Adobe Flash Professional Team Blog

The latest news, tips and insights directly from the Flash team

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HTML5

Nov 30, 2015/ActionScript, Animation, Creative Tools, Custom Platform Support, Custom Platform Support, Extensions, General, HTML5, Toolkit for CreateJS, Video/

Welcome Adobe Animate CC, a new era for Flash Professional

Adobe Animate CC
For nearly two decades, Flash Professional has been the standard for producing rich animations on the web. Because of the emergence of HTML5 and demand for animations that leverage web standards, we completely rewrote the tool over the past few years to incorporate native HTML5 Canvas and WebGL support. To more accurately represent its position as the premier animation tool for the web and beyond, Flash Professional will be renamed Adobe Animate CC, starting with the next release in early 2016.

Today, over a third of all content created in Flash Professional uses HTML5, reaching over one billion devices worldwide. It has also been recognized as an HTML5 ad solution that complies with the latest Interactive Advertising Bureau (IAB) standards, and is widely used in the cartoon industry by powerhouse studios like Nickelodeon and Titmouse Inc.

Animate CC will continue supporting Flash (SWF) and AIR formats as first-class citizens. In addition, it can output animations to virtually any format (including SVG), through its extensible architecture.

There’s much more than just a name change however. Our team is hard at work on a major update with significant new features to create animations for any platform. Here’s a sneak peek by Michael Chaize, Principal Creative Cloud Evangelist:

Here’s what you can expect in Animate CC:

  • Drawing, illustration and authoring
    • Vector art brushes – Modify the path of a stroke after it’s been drawn, and scale them to any resolution without losing quality. You can also make custom brushes and import brushes created with Adobe Capture CC.
    • 360° rotatable canvas – Rotate the canvas on any pivot point as you draw to get the perfect angle and strokes. You can even use this feature with a Wacom Cintiq!
    • Improved pencils and brushes – Draw smooth, precise vector outlines along a curve and get faster live previews.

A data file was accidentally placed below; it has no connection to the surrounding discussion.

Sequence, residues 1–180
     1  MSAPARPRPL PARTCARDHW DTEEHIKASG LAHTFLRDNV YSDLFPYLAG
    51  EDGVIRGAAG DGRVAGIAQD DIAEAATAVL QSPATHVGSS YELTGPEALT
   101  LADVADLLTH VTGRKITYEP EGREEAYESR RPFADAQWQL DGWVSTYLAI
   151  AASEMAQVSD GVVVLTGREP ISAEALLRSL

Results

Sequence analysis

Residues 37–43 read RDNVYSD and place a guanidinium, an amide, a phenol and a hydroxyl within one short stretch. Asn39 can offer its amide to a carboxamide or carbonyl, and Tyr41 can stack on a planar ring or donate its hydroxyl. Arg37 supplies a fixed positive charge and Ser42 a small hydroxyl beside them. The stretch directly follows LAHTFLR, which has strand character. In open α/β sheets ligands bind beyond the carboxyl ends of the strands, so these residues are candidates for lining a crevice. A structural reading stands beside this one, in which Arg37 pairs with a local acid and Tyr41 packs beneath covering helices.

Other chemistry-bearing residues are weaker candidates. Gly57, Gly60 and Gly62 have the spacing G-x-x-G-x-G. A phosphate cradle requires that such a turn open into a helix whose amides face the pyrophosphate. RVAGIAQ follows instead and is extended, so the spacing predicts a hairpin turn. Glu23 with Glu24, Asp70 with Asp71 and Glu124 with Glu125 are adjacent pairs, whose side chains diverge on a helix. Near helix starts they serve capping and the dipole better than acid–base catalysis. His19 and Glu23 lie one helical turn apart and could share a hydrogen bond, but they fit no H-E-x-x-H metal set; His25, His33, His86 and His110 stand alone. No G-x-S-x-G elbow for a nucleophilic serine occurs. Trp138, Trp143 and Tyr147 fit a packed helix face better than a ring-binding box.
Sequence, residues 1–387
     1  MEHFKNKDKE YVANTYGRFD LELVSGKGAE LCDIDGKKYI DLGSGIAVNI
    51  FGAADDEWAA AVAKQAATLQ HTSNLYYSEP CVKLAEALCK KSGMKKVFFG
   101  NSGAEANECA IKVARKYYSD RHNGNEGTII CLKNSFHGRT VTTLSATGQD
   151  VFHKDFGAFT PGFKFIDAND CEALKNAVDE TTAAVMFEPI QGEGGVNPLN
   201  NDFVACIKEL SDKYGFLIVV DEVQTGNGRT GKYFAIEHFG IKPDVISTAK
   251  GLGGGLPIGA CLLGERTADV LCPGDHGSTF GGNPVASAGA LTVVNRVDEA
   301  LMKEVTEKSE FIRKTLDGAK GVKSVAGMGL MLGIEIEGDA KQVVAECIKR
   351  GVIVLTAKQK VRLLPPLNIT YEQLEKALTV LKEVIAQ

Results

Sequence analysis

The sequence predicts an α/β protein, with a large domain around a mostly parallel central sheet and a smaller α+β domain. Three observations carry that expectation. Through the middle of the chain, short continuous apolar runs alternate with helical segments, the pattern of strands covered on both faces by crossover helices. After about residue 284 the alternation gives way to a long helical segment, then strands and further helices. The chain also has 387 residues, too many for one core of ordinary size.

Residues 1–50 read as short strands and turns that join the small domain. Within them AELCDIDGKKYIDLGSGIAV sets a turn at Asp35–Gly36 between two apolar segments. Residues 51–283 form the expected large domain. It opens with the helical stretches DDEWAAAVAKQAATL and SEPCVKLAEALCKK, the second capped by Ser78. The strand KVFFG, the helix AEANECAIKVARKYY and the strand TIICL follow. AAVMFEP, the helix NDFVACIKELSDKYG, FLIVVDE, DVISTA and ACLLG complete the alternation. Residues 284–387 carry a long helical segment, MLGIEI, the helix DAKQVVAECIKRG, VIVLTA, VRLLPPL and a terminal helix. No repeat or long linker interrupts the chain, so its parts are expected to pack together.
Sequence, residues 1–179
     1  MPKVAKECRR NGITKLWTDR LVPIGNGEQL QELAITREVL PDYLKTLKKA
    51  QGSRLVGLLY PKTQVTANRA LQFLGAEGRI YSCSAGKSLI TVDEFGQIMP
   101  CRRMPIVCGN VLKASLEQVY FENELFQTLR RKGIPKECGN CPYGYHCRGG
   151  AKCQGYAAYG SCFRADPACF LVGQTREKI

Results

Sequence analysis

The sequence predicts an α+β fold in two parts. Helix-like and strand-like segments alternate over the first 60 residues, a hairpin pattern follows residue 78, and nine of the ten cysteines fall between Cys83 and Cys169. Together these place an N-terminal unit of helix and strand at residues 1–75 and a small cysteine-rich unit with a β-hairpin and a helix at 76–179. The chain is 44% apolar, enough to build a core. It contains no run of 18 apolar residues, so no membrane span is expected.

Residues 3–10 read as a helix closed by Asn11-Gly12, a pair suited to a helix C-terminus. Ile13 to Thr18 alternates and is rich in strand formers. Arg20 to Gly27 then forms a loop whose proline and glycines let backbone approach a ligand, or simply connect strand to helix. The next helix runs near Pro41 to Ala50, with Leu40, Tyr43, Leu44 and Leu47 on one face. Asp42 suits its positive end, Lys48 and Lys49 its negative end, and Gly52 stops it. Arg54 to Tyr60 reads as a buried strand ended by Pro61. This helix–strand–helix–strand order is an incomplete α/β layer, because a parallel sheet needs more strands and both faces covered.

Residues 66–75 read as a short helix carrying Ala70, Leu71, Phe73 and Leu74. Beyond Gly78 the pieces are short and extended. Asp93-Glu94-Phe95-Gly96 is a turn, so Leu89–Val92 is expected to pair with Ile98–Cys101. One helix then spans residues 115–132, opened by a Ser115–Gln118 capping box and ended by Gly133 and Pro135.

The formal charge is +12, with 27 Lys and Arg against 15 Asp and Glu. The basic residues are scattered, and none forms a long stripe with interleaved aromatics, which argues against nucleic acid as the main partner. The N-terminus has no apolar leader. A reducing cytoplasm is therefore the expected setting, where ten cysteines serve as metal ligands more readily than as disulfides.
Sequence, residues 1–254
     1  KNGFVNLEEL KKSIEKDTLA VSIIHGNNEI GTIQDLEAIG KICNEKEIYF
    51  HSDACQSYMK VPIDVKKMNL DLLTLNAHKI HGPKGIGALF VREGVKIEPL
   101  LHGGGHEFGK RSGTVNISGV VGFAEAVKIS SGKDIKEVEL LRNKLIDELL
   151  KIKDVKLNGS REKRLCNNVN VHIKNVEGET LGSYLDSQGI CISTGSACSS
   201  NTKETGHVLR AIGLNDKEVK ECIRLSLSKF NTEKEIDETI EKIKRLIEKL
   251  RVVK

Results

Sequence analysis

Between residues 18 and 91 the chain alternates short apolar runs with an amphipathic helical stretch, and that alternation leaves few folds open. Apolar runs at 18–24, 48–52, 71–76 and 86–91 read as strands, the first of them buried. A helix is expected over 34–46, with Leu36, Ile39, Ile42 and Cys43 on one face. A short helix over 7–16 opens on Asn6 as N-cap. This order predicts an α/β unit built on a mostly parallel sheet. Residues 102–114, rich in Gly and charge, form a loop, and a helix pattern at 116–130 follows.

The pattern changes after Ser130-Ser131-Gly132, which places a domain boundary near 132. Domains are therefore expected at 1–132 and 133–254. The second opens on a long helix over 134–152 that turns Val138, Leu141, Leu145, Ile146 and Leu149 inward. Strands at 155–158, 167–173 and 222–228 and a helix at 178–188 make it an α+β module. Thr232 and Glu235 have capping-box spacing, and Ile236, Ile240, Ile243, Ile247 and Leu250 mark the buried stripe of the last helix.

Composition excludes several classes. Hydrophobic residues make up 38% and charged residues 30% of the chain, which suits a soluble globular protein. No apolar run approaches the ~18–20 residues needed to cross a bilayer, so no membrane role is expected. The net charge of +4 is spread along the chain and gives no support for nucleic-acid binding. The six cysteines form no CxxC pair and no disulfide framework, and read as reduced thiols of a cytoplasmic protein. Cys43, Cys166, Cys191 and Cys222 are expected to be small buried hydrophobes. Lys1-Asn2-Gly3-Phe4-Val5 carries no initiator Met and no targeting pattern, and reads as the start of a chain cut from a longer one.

• Easier audio syncing – Control audio looping directly on the timeline, without having to code.
    • Faster color changing – Naming tagged colors lets you change one color and have it automatically update your entire project.
    • Colored onion skinning – Easily orchestrate complex animations now that adjacent frames can have different color and alpha values.
  • CreativeSync integration
    • Adobe Stock – Browse and license millions of high-quality photos, illustrations and vector graphics directly in Animate CC. You can even add life to static content by adding animations to them.
    • Creative Cloud Libraries – Access colors, vector graphics and brushes directly as you work.
  • Output capabilities
    • Multiplatform support: HTML5 Canvas, WebGL, Flash (SWF), AIR, video, and custom platforms (such as SVG) via extensions.
    • 4K+ video export – Export videos with custom resolutions for the latest Ultra HD and Hi-DPI displays.
    • Custom resolution export – Revitalize older content by resizing and optimizing them for any resolution, such as Ultra HD and Hi-DPI displays.
    • .OAM support – Export your project as an .OAM file for easy importing to Adobe Muse, InDesign, DPS and Dreamweaver.

Note: When the release becomes available in early 2016, it will be listed as “Adobe Animate CC” in the Creative Cloud desktop application. When you install or update Animate CC, it will be found on your computer as Adobe Animate CC 2015, not Adobe Flash CC 2015.